The 2022 college wrestling national championships are over … but the great...
Wrestling author relives his experience of returning to coach at summer camp
Photos: With the help of a mirror, wrestling author and coach Daniel Harding took a selfie before attending his first Ken Chertow camp in 15 years in Altoona, Pa.
By Daniel Harding Jr.
My feet lifted from the Resilite and my body was thrust three feet in the air. Time seemed to stop as I fell back to the mat. It was one of those freeze-frame moments that I asked myself, “Dan, what the heck are you doing at wrestling camp?”
At 32, I stay in shape enough to coach a high school and youth team in Connecticut. But my day job as a writer has me pushing a mouse more often than the weights. But still, there I was a decade and a half after my last Chertow camp as an athlete being mat returned by veteran national champ and staff coach Chris Cardella in front of a group of 40 to 60 kids ages 9 to 14.
I was invited to return to the camp — a chapter in my life I had long ago put to bed — after reconnecting with Ken Chertow when working on my book Elite Youth Wrestling. At first, I thanked Ken, who started the camps in 1994, for the kind offer but surely my career, family obligations and my son (who at two years old is not quite of wrestling age) wouldn’t allow for it. How would that conversation with my wife and boss even go? “Hey, any objection to me going to summer camp?”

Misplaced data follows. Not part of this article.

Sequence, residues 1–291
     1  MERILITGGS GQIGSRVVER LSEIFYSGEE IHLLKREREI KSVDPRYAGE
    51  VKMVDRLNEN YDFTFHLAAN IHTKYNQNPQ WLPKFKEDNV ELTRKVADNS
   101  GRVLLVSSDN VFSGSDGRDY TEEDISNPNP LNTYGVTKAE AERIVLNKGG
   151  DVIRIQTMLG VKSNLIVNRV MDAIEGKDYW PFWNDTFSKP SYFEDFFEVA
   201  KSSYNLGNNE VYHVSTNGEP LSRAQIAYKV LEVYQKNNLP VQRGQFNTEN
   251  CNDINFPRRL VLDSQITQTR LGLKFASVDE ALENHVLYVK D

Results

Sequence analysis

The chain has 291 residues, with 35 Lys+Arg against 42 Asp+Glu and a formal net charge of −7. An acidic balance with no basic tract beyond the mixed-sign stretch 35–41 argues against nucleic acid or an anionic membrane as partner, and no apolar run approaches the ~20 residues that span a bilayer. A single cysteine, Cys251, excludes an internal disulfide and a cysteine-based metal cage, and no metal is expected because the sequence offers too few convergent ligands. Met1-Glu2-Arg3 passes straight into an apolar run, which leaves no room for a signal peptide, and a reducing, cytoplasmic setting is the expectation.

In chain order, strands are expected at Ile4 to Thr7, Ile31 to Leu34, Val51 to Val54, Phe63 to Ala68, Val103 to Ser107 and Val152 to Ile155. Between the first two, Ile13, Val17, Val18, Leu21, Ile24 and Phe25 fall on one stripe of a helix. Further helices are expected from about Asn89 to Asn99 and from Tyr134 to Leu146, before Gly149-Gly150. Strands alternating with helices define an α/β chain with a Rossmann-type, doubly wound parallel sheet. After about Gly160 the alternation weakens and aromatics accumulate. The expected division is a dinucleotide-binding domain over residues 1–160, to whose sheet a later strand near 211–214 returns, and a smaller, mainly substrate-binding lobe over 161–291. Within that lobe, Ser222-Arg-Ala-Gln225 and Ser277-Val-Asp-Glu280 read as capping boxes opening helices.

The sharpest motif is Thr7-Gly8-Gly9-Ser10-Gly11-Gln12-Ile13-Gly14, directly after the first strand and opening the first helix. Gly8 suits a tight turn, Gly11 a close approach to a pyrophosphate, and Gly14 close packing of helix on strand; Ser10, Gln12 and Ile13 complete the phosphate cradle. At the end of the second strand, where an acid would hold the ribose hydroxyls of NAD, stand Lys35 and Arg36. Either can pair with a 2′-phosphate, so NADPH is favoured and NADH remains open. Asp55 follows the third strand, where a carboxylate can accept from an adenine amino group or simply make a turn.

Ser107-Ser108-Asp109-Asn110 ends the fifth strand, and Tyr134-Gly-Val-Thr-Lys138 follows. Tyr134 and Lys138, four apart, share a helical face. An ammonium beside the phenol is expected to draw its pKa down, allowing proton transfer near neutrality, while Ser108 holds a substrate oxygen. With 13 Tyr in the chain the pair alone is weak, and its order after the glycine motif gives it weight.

As the months passed, my mentality started to shift. As a new high school coach, I gave a flier for the camp to my athletes to gauge their interest in attending. Four of my most promising wrestlers expressed an interest right away.
I thought back to my experience as a camper and how those camps were major contributors in helping both my brother and I reach our high school goals. I thought about the notebooks I would fill with technique tips and tricks.
Surely a week surrounded by great coaches would be the master class in technique that I could bring back to my team in Connecticut. I sent Ken a text: “Hey Coach, I’m in.”
It’s a six-hour drive from where I live to the Blair County Convention Center in Altoona, Pa. Connecticut doesn’t allow you to coach your athletes in the off-season except for at large camps like this. So, I’ll admit, while once I was dreading it, it was fun to reconnect with my wrestlers.
Arriving at the convention center they were energized, all seemingly talking a mile a minute and cracking each other up. Standing in the registration line and seeing kids with Super 32 shirts, Iowa gear and youngsters with a cauliflower ear, they started to realize, “we’re not in Connecticut anymore.”
During the camp itself, I would check in on them regularly, but I also wanted to give them the space they needed to practice and learn away from the prying eyes of their coach. Besides, Chertow’s camp system boasts a high coach/camper ratio and they needed to learn from other coaches.